Historical records matching Harry Truman Reasoner
About Harry Truman Reasoner
Harry Truman Reasoner (April 17, 1923 – August 6, 1991) was an American journalist for ABC and CBS News, known for his inventive use of language as a television commentator, and as a founder of the 60 Minutes program.
Reasoner was born in Dakota City, Iowa. He attended West High School in Minneapolis, going on to study journalism at Stanford University and the University of Minnesota. He served in World War II and then resumed his journalism career with The Minneapolis Times. His novel Tell Me About Women, about a fading marriage, was written partly during his World War II service and was first published in 1946.
Journalism: CBS News
After going into radio with CBS in 1948, Reasoner worked for the United States Information Agency in the Philippines. When he returned stateside, he went into television and worked at station KEYD (later KMSP) in Minneapolis. He ran for Minneapolis city council as a Republican in 1949 and garnered 381 votes (4.4 percent). Reasoner later joined CBS News in New York, where he eventually hosted a morning news program called Calendar on top of doing commentator and special news narration duties.
Reasoner took part in covering the assassination of President John F. Kennedy on Friday, November 22, 1963. Walter Cronkite and Charles Collingwood had been switching back and forth to report on the incident for about four hours after Cronkite initially broke the news at 1:40 P.M. EST. Reasoner took over the anchor chair after Collingwood tossed it to him at 5:49 p.m. EST, and opened with the repeat of an announcement by Frank Stanton, then president of CBS, which had already been relayed by Collingwood:
“ Thank you, Charles. As you know, CBS has announced that there will be no commercial announcements and no entertainment programming until President Kennedy's funeral. ”
He later reported on the arrival of Kennedy's body to Washington, D.C. and provided details regarding Lee Harvey Oswald (who was, at that moment, accused only of killing Dallas Police Officer J. D. Tippit, but not the president until hours later). Reasoner left the desk when Cronkite returned to anchor CBS Evening News at 6:35 p.m. EST. He reappeared in another studio approximately two hours later, to narrate a special program called "John F. Kennedy — A Man of This Century", where he talked about Kennedy's career and the new President, Lyndon B. Johnson, until announcing the conclusion of CBS' coverage for that day. (Reasoner also anchored the final coverage of the next day, with a CBS News special titled "A Day to Mourn".)
Reasoner's next appearance came two days later, Sunday, and as he was at the anchor desk, Oswald was shot by Jack Ruby while being moved in the Dallas City Jail. At that very moment, Roger Mudd was filing a report from Washington, describing the President's funeral arrangements.
“ Tomorrow there will be a final hour for the public to pay their final respects to the President before the President leaves Capitol Hill for the last time. The last soldier, milit— ”
At this point, CBS abruptly cut back to Reasoner at the newsroom anchor desk with breaking news.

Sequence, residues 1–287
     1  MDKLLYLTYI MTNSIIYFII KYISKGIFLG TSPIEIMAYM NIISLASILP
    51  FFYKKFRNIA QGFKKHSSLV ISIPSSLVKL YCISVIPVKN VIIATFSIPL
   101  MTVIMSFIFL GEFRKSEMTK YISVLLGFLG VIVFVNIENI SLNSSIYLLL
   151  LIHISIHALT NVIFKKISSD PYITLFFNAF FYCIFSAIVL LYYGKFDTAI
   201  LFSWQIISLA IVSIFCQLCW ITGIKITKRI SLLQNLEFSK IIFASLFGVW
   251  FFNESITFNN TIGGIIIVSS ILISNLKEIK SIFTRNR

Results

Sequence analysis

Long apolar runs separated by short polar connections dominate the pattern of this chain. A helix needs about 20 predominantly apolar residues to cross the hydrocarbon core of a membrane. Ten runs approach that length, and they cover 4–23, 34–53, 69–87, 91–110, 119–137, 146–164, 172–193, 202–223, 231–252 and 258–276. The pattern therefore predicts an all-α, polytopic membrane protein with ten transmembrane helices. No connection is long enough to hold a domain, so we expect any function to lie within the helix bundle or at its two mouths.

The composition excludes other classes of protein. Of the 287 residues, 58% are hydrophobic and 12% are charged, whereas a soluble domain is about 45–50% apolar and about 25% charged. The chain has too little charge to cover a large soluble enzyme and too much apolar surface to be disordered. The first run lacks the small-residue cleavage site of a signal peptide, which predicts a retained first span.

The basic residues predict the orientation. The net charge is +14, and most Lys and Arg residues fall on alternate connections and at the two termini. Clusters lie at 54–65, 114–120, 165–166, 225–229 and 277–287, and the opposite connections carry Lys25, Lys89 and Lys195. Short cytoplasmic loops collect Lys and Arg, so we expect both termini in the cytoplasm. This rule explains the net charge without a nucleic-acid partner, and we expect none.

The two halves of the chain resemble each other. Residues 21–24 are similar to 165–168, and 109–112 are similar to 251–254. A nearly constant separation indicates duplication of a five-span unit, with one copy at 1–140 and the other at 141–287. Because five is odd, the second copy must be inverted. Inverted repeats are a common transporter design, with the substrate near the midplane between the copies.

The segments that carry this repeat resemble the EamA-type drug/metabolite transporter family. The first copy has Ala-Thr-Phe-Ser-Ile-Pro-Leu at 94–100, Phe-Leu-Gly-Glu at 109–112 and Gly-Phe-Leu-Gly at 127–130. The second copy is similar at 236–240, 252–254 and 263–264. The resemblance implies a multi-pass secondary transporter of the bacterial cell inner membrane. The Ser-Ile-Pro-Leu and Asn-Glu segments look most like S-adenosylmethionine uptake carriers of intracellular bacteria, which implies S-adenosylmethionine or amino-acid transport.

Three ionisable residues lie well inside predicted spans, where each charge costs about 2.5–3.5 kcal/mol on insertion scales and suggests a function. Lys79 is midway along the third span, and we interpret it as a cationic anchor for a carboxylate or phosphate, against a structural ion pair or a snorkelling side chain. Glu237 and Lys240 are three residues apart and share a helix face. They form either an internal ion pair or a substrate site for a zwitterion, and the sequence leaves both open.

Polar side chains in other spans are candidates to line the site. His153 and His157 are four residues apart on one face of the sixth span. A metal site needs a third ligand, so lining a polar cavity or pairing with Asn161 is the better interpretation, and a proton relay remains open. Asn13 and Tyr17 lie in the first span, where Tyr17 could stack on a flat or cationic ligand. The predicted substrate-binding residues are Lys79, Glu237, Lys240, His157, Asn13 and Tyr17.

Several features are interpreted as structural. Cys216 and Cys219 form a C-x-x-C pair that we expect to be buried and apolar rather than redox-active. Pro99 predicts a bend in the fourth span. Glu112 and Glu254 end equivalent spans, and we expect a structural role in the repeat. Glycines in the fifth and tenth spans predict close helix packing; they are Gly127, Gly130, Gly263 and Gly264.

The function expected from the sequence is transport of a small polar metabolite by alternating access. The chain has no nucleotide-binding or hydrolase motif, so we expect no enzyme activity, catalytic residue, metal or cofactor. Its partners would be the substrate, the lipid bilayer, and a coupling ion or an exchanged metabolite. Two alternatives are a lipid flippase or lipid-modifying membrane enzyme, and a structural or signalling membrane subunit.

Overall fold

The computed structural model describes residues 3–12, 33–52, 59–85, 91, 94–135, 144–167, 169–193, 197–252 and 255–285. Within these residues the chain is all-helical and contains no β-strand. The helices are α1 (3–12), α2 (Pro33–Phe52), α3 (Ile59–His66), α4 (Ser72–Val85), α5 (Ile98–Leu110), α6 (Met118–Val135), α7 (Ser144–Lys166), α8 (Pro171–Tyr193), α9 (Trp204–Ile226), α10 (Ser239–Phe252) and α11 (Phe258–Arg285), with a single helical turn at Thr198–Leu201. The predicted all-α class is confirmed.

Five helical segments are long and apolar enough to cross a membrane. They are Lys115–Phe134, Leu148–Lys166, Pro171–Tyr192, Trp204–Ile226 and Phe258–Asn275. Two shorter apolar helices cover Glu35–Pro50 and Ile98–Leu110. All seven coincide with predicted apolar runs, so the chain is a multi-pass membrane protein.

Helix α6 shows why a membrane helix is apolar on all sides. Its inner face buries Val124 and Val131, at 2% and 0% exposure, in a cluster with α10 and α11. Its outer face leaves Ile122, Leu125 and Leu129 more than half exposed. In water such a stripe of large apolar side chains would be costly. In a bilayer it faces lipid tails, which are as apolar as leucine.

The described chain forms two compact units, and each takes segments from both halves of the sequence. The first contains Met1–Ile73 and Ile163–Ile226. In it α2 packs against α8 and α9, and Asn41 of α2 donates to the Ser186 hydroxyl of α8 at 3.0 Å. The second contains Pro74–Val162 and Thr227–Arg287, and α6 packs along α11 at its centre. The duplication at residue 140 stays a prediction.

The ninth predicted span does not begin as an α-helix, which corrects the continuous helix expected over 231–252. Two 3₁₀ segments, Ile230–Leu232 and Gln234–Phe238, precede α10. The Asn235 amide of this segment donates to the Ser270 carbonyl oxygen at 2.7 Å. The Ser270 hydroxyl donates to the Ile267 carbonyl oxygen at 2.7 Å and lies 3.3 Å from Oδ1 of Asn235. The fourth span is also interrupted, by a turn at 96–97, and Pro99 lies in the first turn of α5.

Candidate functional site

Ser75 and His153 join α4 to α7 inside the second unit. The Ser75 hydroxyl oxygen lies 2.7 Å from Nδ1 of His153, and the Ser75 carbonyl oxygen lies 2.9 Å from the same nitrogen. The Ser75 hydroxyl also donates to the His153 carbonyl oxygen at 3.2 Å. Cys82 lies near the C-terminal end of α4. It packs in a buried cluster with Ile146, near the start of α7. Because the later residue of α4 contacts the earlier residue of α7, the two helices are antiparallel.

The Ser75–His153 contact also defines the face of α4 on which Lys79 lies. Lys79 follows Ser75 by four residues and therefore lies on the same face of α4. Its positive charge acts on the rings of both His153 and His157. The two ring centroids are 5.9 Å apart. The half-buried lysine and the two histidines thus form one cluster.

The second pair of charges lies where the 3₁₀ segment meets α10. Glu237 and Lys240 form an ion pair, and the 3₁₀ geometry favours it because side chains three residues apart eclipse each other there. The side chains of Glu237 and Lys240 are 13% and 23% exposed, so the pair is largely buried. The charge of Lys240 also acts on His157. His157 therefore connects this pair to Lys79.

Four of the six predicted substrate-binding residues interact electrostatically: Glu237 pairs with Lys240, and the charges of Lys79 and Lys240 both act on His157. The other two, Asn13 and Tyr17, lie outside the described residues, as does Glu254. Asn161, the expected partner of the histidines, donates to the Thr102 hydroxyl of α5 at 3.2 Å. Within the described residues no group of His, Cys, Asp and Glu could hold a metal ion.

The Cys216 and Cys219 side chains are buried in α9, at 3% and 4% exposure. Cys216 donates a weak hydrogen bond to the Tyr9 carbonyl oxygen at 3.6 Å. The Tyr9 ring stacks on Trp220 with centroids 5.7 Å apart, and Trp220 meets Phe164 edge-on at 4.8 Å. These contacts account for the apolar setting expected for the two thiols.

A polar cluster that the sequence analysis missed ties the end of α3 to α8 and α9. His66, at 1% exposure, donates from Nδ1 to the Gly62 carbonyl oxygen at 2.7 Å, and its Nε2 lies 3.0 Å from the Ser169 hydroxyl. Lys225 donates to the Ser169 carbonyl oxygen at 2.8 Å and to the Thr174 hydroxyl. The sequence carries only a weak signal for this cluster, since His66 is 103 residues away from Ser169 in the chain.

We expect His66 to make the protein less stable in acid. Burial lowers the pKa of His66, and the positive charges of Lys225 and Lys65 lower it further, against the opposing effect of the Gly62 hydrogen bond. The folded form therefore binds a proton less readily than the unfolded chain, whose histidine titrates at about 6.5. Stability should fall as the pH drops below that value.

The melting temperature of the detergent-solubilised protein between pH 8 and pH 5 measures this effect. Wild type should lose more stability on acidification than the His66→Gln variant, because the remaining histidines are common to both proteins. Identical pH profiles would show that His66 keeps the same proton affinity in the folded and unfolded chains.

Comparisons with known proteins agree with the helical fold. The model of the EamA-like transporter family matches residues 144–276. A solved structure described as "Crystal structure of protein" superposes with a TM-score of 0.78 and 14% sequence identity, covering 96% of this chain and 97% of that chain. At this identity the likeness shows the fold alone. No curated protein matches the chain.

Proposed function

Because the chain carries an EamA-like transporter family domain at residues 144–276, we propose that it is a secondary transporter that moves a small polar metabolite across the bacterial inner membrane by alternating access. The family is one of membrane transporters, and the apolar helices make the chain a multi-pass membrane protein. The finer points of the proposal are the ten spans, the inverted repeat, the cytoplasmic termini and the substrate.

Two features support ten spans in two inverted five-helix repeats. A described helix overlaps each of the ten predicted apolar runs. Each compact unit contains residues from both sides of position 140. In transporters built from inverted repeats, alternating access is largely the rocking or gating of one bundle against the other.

“ We are now switching to Dallas where they're about to move Lee Oswald, and where there's a scuffle in the police station.”
At the time CBS picked up KRLD's live feed of the city jail basement, Oswald was lying on the floor and Dallas Police were apprehending Ruby. KRLD's reporter on the scene, Bob Huffaker, was heard to say "Oswald has been shot, Oswald has been shot". After the ambulance carrying Oswald sped out of the jail en route to Parkland Hospital, KRLD switched back to CBS in New York where Reasoner replayed the tape from the beginning so the viewers could see Ruby shooting Oswald. Several minutes later, he reported that the Dallas Police had released Ruby's name. (Reasoner was not at the anchor desk when Oswald was declared dead, having been replaced by Cronkite.)
60 Minutes and ABC News
In 1968, Reasoner teamed up with Mike Wallace to begin the 60 Minutes newsmagazine series. On 60 Minutes and elsewhere, he often worked with producer and writer Andy Rooney, who later became a well-known contributor in his own right. In a farewell interview on "60 Minutes" in 2011, Rooney said Reasoner was a great writer in his own right but was lazy, giving Rooney more opportunities to show his writing skills. Rooney and interviewer Morley Safer agreed that Reasoner enjoyed drinking and was "one of the most companionable fellows" they had ever known.
Reasoner joined ABC in 1970 as co-anchor with Howard K. Smith (himself a CBS alumnus) of the ABC Evening News, replacing Frank Reynolds (also a CBS alumnus), who was reassigned as ABC's Washington D.C. correspondent. This lasted until 1975, when Reasoner became sole anchor; Smith did only commentaries from that time until his 1979 retirement. Later in 1976 Reasoner was given another co-anchor, this time it was recent NBC defector Barbara Walters. Walters and Reasoner did not enjoy a close relationship; Reasoner not only did not like sharing the spotlight with a co-anchor but was uncomfortable with Walters' celebrity status. It was also widely believed that Reasoner disliked the idea of a woman anchoring the network news, which he denied, saying "I am trying to keep an open mind about it". The arrangement ended in 1978, with both Reasoner and Walters replaced with a three-anchor format. In June of that year, Reasoner returned to CBS and 60 Minutes where he remained until he retired in May 1991.
Personal life and Death
Reasoner was married twice, to Kathleen Carroll Reasoner for 34 years and then to Lois Harriett Weber. He had seven children by his first marriage. Reasoner died three months after his retirement in 1991 from a blood clot in the brain received from a fall at his home in Westport, Connecticut. He is interred at Union Cemetery in Humboldt.